The rational thing for an investor to do under these circumstances is to price sovereign debt on the basis of its actual risk of effective default. We can debate whether the yields of treasury bills are adequate compensation for the risks associated with holding them. If Europe and/or the United States are at all likely to have a sovereign debt crisis at any point in the next decade, though, the prices of ten year and thirty year bonds are still completely wrong. As there’s absolutely no plausible story about how the growth needed to bring budget deficits down to prevent this is going to be generated – in fact the current plan in Europe is to repeat the mistake of 1931, and actually raise taxes in a depression, a path the US government also seems interested in following – the risk of such a crisis is objectively quite high, and the value of the bonds must be considered significantly impaired, whatever our utterly useless rating agencies say. A yield of three or four percent is just not adequate compensation for all this risk – not in Europe, not in the United States, and not in Japan, where yields are even lower. But if long-term government bonds were valued as if a sovereign debt crisis at some point in the next decade was as likely as many of us think it is, the European banks, at least, would be in very grave trouble.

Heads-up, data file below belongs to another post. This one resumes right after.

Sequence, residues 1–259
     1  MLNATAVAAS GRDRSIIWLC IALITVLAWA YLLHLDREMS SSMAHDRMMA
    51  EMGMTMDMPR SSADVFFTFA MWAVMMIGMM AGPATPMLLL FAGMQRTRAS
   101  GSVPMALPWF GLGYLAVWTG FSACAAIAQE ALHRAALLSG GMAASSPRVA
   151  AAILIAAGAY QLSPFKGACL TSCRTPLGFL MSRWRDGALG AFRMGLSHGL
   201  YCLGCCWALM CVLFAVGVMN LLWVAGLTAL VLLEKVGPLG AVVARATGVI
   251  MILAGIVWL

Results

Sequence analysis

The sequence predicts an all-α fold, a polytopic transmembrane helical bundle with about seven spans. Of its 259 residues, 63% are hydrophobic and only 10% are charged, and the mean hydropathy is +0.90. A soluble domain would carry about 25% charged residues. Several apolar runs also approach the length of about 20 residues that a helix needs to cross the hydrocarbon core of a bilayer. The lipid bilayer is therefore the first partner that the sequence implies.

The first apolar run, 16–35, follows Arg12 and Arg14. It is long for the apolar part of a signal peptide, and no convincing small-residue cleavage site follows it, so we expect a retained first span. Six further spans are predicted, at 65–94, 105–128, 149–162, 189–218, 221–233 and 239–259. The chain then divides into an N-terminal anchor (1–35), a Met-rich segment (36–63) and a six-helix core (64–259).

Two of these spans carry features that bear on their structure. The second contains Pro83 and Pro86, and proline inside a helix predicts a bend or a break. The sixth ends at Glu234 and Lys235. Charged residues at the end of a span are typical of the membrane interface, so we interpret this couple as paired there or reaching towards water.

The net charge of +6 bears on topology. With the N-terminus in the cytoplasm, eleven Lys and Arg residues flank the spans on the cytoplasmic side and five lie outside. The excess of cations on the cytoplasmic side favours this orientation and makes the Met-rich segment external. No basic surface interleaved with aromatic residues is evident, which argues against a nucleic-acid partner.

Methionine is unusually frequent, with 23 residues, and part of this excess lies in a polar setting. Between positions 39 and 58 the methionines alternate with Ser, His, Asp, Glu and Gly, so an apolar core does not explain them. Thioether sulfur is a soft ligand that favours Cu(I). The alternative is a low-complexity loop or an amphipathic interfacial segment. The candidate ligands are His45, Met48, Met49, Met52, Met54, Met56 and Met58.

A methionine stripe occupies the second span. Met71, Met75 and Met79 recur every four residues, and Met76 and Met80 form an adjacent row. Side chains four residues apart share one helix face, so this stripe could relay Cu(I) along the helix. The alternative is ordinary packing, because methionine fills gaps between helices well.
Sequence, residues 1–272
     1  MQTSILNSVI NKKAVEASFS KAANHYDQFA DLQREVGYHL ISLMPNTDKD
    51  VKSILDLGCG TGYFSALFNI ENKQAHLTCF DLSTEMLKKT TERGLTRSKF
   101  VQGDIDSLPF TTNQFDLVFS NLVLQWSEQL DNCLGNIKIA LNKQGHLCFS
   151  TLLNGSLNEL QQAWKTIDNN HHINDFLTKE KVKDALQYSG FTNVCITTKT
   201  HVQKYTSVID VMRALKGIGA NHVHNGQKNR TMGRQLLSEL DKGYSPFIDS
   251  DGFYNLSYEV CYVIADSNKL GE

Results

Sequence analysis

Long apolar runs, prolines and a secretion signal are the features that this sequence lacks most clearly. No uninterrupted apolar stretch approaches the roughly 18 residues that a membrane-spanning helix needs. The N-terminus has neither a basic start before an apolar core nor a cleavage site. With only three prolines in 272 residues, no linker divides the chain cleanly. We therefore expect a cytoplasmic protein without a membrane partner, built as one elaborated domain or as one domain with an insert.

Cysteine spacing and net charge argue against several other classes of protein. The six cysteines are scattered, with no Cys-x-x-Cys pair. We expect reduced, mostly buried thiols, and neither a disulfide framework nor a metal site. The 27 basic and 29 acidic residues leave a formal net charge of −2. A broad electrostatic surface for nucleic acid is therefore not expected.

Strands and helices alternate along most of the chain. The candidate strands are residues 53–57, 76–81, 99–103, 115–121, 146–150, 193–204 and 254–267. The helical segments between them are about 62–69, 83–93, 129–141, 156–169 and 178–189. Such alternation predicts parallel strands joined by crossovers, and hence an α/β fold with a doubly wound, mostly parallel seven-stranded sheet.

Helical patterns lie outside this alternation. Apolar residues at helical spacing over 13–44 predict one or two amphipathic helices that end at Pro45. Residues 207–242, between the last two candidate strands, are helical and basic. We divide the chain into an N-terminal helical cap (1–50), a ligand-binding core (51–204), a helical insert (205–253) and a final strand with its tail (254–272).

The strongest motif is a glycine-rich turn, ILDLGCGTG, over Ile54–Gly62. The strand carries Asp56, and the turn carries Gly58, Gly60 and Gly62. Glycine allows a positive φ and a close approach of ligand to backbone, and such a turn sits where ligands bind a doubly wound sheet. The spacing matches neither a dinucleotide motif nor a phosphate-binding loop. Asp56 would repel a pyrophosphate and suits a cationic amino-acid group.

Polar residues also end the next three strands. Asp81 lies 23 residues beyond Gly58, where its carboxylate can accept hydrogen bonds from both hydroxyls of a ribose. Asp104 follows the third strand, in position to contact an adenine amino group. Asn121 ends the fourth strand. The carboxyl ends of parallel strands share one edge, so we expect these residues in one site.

The apparent plan, in both Europe and the US, has been to recapitalize the banking system through the ‘carry’ trade, by encouraging banks to borrow short (partly from government) and lend long (largely to government.) Thus, the banks were to be recapitalized by the difference between the rate at which the government lent and the rate at which government borrowed. The government, however, was somehow supposed to not go broke in the process, though it certainly sounds like a bad deal to a naïve ear. (Of course, they are going broke…)